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Be thankful for the experiences - and yes, the flaws - that have made you who you are

Why do we have such a hard time accepting our flaws? 

A big part of the reason is that the definition of the word openly states that a flaw is a bad thing:

Flaw: a mark, fault or other imperfection that mars a substance or object; or as a verb, it's defined as marring, weakening, or invalidating something. - Oxford Languages via Google Search

No wonder we have such a tough time admitting, let alone accepting our flaws.

Let's continue looking at some of the truths around flaws and how we can see them differently. For the first part of this article, search for '"Your Flaws are a Part of Who You Are – Part 1"

Truth 5: Flaws help you to see ulterior motives and who your real friends are

You're standing in a group of friends, and one of them calls out a flaw in your appearance or your style of speaking and refuses to be friends with you any longer. After the shock wears off, please don't give this ingrate a second thought - they were never worth keeping as a friend anyway.

Someone who wants to discard you as a friend because of what THEY percieve as a "flaw" is exhibiting judgmental tendencies that would have ruined the relationship anyway. They just let their ignorance out of the bag and told the entire group what they were about.

What's likely to be true is that they've been THINKING about what they said for a while, and for whatever reason, they chose this time to let their feelings be known. We cannot expect that we'll be 100% in favor of everything someone we call "friend" does, or how they express themselves, but is that enough to destroy a relationship?

Your true friends will accept you and your friendship no matter what your flaws are (with certain specific exceptions). There's also a much better way to speak with a friend about conduct, behavior, or language you disagree with.  The advice given in the book of Matthew, chapter 18 states that you should speak to the person you have the challenge with alone, and only when your complaint is not heard should you involve others.

Truth 6: Associate with (and take advice from) people who have accepted their own flaws

People with a healthy level of self-confidence are easily recognized - many times, they'll be the ones poking fun at their own situations instead of hiding or ignoring them. They do the same thing with their flaws - and you can learn from watching them.

Poking fun at yourself for little mistakes or missteps is a sign of a healthy sense of who you are. When you can laugh at yourself - gently - you make it possible for others to do the same. When you find these people, keep them as friends - you can see how they handle their flaws and gain an understanding of how the same mindset can work for you.

Knowing you are not perfect is the first step to either accepting your flaws or working on them. When you know and can admit what it is you want to change about yourself or your life, you open pathways in your mind for solutions to come to you.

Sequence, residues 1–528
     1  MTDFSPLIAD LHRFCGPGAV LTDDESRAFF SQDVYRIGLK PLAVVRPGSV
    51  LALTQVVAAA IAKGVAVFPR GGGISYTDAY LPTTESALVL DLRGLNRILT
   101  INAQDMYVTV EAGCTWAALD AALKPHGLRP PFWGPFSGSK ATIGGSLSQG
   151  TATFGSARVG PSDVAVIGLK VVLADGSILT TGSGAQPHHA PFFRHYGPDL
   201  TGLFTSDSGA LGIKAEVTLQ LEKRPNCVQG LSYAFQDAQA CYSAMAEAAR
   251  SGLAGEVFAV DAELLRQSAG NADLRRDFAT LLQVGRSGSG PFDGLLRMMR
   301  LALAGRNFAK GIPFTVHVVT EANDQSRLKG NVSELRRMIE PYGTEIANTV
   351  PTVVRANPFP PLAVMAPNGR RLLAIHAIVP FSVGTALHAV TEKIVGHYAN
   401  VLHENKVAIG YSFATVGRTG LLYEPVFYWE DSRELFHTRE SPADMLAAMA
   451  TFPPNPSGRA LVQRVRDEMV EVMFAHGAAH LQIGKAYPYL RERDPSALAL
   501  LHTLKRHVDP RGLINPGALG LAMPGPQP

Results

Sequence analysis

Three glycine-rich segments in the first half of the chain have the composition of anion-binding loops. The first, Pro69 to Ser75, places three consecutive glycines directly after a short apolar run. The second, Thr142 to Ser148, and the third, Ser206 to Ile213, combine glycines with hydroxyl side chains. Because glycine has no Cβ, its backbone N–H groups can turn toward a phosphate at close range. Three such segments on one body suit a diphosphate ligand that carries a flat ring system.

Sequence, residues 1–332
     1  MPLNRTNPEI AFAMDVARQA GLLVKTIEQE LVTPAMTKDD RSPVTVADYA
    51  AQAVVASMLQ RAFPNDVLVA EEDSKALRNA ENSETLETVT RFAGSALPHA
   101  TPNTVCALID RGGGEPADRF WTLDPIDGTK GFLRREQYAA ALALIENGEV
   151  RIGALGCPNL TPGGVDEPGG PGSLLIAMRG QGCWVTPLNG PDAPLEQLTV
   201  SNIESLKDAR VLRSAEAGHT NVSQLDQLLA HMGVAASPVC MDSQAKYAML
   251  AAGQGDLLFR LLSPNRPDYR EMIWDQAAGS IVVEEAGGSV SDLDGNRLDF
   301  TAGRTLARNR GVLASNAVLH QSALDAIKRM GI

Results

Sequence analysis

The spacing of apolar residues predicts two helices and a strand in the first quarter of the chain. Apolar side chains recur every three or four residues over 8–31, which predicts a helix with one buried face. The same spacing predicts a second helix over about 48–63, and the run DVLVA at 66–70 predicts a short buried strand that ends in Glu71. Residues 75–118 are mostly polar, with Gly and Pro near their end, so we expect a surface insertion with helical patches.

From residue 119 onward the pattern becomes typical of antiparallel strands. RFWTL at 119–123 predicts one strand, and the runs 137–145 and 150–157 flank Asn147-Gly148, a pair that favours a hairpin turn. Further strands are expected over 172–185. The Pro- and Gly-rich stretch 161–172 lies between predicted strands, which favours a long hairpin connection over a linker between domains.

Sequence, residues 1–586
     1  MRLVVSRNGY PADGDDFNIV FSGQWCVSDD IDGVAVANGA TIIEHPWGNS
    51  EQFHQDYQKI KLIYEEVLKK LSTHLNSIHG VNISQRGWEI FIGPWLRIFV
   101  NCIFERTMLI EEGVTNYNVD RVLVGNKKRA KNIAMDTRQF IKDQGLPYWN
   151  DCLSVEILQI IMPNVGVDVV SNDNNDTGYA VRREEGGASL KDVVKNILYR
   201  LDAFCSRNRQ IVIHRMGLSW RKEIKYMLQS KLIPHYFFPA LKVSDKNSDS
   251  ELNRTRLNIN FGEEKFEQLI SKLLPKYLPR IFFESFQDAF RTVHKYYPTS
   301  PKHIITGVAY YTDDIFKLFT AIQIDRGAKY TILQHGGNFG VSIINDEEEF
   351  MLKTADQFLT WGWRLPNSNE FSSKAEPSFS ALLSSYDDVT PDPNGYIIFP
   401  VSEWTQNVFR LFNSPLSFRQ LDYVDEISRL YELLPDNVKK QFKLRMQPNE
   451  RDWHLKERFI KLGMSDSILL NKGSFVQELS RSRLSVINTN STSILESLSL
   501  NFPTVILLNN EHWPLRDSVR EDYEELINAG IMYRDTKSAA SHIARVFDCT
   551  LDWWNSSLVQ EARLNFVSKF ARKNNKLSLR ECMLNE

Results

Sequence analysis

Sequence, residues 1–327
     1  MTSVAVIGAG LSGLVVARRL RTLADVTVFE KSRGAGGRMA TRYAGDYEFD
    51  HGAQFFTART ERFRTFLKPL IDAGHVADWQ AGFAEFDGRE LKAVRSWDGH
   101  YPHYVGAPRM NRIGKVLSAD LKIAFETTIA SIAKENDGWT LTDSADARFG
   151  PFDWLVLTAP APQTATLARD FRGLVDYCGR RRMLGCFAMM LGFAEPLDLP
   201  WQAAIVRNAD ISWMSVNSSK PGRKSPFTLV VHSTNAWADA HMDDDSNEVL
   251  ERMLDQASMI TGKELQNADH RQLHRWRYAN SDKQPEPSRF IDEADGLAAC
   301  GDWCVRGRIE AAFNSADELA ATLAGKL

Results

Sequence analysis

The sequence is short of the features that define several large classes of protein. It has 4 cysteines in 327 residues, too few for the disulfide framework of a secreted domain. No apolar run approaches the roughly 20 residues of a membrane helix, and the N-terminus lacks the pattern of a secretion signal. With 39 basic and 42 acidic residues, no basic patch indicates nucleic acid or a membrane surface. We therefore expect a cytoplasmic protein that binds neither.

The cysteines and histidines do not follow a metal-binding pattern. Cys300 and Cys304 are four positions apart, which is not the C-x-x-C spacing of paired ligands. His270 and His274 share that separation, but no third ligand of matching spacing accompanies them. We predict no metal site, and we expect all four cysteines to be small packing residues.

If you think you're perfect, why would you need a solution? That's a recipe for stagnation and an overabundance of self-pride.

Truth 7: Admit your imperfections instead of hiding them

Avoid masking your flaws or trying to hide them. Coating them with a layer of guile and bluster isn't the solution. Lying about them - especially to yourself - is a recipe for self-deception, and that's only going to last so long.

Other people DO notice your flaws - even if they claim not to - because they also see it as a sign of weakness when you try too hard to appear perfect. Forcing an image of perfection states clearly that you can't handle the truth of your perfectly imperfect humanness. Imperfections - yes flaws - are NOT a sign of weakness.

You can and should own up to your flaws - in fact, be proud of them, because they are part of what makes you unique and special. In fact, what YOU see as a flaw, someone else might just see as a desirable quality. 

Be confident and comfortable in your own skin, expressing your authentic personality, and show the world what you're made of!

Journaling Prompts to Accept Your Flaws
  1. Name three things about yourself that others might consider a flaw. How can you celebrate them?
  2. Turn the way you describe your perceived flaw into an affirmation, using positive terms - for instance: My hair is so powerful, it reaches to the sky instead of hanging down, or My curves help me to give soft and warm hugs to my loved ones.
  3. Find one or more quotes on loving yourself and write them in your journal so you can return to them when needed. Write about how they make you feel in your journal. Example: "You're imperfect, and you're wired for struggle, but you are worthy of love and belonging." - Brene Brown
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About the Author Dianne Daniels

Born and raised in Detroit, Michigan, and currently residing in Norwich, Connecticut, Dianne M. Daniels' mission is to empower women 50+ to Amplify their Self-Confidence, Deepen their Self-Knowledge, Inspire Creativity, and Glide into the next phase of their lives with the Power of Journaling, Affirmations, and Assessments.

You can learn how to use these time-tested, proven practices to create and manifest the life you want (and deserve) to live.

Dianne is an ordained Unitarian Universalist Minister with a Master of Divinity degree from Starr King School for the Ministry. She's an avid reader, a lover of old houses (she renovated an 1850s vintage Greek Revival home with her family) and has been journaling since the age of 9.

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